The Importance of Regular Dental Visits
More than 50 years ago, examinations of people entering the military showed that Americans’ teeth were in pretty bad shape. Few people took good care of their teeth. There were no guidelines for how often you should see a dentist. There wasn’t a proactive approach to dentistry: many providers focused on fixing problems rather than preventing them. Dental and health organizations decided there was a need to set standards for preventive dentistry. They decided people should go to the dentist twice a year for checkups, and cleanings because cavities and gum disease are preventable. Whatever the origins, this has proven to be a useful rule of thumb for many people. Taking care of your teeth means more than brushing and flossing. For complete care, it’s important for a regular checkup and professional cleaning. The first step in this process is to find a dentist with whom you feel comfortable, and then schedule an appointment. We take a look at why regular visits are important to your oral health.
How often should you go to the dentist?
It is recommended to visit the dentist every six months. Have you ever wondered why the American Dental Association and your dentist recommend you come back twice a year? It’s because regular dental visits are essential for the maintenance of healthy teeth and gums. Even if you take excellent care of your teeth and gums at home, you still need to see a dentist regularly. Your dentist can check for problems that you may not see or feel. Many dental problems don’t become visible or cause pain until they are in more advanced stages. Examples include cavities, gum disease and oral cancer. Regular visits allow your dentist to find early signs of disease. Problems can be treated at a manageable stage.
On average, seeing a dentist twice a year works well for many people. Some can get away with fewer visits. Others may need more frequent visits. People with very little risk of cavities or gum disease can do fine seeing their dentist just once a year. People with a high risk of dental disease might need to visit every three or four months, or more. This high-risk group includes:
- Pregnant women
- People currently with gum disease
- People with a weak immune response to bacterial infection
- People who tend to get cavities or build up plaque
What happens during a dentist visit?
Checking your teeth for tooth decay is just one part of a thorough dental examination. During your checkup appointment, your dentist (or dental hygienist) will likely evaluate the health of your gums, perform a head and neck examination (to look for anything out of the ordinary) and examine your mouth for any indications of oral cancer, diabetes or vitamin deficiencies. Don’t be surprised if your dentist also examines your face, bite, saliva and movement of your lower jaw joints (TMJs). Your dentist or dental hygienist will then clean your teeth and stress the importance of you maintaining good oral hygiene at home between visits.
Many dentists will pay special attention to plaque and tartar. This is because plaque and tartar can build up in a very short time if good oral hygiene is not practiced between visits. During the cleaning, your dental professional will use special tools to remove tartar. This is called scaling. Food, beverages and tobacco can stain teeth as well. If not removed, soft plaque can harden on the teeth and irritate the gum tissue. If not treated, plaque can lead to gum disease.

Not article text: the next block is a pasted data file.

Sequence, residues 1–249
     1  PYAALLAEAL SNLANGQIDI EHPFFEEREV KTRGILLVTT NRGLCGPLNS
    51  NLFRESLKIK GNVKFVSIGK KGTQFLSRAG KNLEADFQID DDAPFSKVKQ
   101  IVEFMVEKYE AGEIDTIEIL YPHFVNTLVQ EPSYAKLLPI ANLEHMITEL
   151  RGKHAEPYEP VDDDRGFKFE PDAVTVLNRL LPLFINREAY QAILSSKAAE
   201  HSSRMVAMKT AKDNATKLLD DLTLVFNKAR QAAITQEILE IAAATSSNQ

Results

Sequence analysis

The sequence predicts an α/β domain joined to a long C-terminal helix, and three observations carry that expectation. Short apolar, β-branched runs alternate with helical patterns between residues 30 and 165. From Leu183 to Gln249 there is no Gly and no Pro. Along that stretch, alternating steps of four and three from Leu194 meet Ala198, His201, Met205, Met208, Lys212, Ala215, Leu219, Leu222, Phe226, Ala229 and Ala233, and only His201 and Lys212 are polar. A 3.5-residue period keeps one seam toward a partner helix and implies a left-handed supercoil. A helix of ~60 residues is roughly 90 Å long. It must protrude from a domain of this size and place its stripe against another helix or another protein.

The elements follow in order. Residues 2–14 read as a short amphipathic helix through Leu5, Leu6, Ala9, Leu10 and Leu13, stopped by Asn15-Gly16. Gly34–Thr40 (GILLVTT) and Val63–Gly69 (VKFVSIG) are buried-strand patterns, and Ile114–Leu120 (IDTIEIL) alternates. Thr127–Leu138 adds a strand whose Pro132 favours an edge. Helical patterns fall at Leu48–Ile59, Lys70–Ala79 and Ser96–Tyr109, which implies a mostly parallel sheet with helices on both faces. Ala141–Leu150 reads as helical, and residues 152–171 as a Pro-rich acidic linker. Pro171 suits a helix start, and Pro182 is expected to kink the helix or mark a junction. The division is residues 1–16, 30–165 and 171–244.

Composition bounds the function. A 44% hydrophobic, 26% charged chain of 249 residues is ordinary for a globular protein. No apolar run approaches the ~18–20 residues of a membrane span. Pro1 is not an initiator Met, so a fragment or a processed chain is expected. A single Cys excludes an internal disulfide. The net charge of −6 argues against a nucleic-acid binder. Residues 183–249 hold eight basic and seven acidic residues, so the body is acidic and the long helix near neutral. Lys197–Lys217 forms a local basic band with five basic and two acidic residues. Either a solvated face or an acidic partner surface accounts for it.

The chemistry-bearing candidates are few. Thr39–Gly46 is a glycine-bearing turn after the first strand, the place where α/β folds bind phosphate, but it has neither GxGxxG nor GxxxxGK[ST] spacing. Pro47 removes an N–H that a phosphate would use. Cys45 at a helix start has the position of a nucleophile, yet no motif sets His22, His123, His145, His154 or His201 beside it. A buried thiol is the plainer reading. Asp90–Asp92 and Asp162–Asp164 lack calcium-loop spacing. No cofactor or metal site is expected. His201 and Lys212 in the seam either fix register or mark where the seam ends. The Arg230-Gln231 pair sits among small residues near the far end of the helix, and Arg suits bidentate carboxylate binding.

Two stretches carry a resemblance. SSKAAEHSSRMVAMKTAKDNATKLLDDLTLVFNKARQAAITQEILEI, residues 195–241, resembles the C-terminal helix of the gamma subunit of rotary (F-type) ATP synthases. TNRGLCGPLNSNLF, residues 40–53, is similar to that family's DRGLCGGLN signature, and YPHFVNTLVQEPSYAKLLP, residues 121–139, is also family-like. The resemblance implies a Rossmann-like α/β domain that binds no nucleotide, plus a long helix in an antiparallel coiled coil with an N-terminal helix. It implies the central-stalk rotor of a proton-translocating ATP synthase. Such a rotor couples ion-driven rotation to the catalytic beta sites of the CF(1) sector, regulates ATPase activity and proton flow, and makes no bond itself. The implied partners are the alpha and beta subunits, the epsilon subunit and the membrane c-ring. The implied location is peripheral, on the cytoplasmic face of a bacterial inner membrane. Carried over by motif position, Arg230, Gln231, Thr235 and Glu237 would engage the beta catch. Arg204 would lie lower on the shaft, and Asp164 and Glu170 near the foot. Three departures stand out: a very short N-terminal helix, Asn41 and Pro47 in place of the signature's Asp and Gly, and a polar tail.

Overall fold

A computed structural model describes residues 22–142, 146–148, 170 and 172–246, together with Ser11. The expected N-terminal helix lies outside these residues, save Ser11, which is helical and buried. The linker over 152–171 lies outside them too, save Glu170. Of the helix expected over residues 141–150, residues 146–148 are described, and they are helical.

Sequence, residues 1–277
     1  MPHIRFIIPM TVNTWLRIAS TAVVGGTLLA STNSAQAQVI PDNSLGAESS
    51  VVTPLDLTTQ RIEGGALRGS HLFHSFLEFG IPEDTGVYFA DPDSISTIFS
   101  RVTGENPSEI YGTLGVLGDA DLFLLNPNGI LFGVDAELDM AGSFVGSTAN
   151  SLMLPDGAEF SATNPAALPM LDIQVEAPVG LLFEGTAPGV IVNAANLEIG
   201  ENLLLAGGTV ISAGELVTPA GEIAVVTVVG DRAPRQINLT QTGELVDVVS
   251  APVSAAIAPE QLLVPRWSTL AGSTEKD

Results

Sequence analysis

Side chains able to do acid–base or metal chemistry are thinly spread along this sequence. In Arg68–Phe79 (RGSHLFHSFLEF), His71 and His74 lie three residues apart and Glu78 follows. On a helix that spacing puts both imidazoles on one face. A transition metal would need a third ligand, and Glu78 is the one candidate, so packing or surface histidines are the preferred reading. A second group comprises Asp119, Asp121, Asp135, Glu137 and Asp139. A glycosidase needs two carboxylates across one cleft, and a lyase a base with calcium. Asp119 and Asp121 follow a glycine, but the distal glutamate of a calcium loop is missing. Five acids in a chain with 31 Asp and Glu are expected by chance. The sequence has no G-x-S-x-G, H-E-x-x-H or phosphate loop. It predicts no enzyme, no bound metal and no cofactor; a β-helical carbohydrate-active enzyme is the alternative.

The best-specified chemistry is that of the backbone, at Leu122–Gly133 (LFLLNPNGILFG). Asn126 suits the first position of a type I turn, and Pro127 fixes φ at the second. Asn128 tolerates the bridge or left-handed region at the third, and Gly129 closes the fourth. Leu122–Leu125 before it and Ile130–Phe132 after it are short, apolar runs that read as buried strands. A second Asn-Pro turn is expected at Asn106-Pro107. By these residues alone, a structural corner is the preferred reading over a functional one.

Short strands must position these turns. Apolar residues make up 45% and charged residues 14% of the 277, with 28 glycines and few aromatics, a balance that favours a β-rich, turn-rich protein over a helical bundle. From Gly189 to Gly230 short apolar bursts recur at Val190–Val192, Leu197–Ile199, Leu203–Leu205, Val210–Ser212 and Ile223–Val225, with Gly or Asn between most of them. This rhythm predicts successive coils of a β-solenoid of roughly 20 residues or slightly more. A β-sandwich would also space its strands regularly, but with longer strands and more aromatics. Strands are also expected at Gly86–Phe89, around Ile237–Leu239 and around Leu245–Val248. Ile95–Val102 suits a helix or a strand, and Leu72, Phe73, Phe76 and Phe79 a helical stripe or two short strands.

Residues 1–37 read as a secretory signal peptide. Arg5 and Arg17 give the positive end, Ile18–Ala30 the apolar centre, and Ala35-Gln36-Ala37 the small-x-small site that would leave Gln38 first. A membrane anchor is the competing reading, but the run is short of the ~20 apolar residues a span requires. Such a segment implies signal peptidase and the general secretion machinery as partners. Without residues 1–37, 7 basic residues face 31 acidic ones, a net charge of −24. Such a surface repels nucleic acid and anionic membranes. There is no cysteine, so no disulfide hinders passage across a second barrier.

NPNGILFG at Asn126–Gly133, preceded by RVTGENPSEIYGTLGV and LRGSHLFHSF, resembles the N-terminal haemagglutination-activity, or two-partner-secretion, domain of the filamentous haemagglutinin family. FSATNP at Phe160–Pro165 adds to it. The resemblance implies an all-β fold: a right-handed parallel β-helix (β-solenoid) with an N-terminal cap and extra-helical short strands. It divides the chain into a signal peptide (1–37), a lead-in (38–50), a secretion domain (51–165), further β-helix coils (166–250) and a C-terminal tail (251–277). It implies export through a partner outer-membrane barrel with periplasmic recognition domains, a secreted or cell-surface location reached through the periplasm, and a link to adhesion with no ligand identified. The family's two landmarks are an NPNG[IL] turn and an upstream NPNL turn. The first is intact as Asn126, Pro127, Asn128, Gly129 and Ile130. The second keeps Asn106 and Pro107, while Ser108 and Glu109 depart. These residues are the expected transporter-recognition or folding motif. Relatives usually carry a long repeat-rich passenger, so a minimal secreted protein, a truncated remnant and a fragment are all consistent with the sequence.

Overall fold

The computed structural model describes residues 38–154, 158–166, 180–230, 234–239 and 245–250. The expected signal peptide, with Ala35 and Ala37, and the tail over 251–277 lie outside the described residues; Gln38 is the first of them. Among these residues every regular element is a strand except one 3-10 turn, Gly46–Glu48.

During your regularly scheduled dental appointments, your dentist will likely look at your gums, mouth, tongue and throat. There are several routine parts to a dental examination that you can expect:
- A thorough cleaning – a dental hygienist or dentist will scrape along and below the gum line to remove built-up plaque and tartar that can cause gum disease, cavities, bad breath and other problems. Then he or she will polish and floss your teeth.
- A full dental examination – your dentist will perform a thorough examination of your teeth, gums and mouth, looking for signs of disease or other problems.
- X-rays – X-rays can diagnose problems otherwise unnoticed, such as damage to jawbones, impacted teeth, abscesses, cysts or tumors, and decay between the teeth.
What should I do between each dental visit?
Be sure to take care of your teeth and gums between regular dental visits. Plaque is always forming on your teeth, but you can manage it by brushing and flossing regularly. Here are some tips for good oral care at home:
- Brush your teeth at least twice a day. Be sure to use toothpaste that contains fluoride.
- Floss daily.
- Use a mouthwash to help control plaque bacteria. This will also help to keep your breath fresh.
So dental checkups are worth the effort?
Dentists and dental professionals are not only concerned with fixing teeth. They professionally clean your teeth, aim to ensure your teeth and gums are healthy, and check for abnormalities that may otherwise go unnoticed and could be a sign of larger health issues. Dental professionals make sure that your bones are strong, and will help you correct any habits that may be sabotaging your oral health, among other things.
Skipping dental appointments may not seem like a big deal, but oral issues can develop and progress extremely quickly, whether or not you notice it. By keeping on top of your dental cleanings and checkups you’re doing yourself a big favor in the long run.
Do you have any questions about regular dentist visits? Call Westermeier Martin Dental care to schedule an appointment with your dentist 716-508-4547.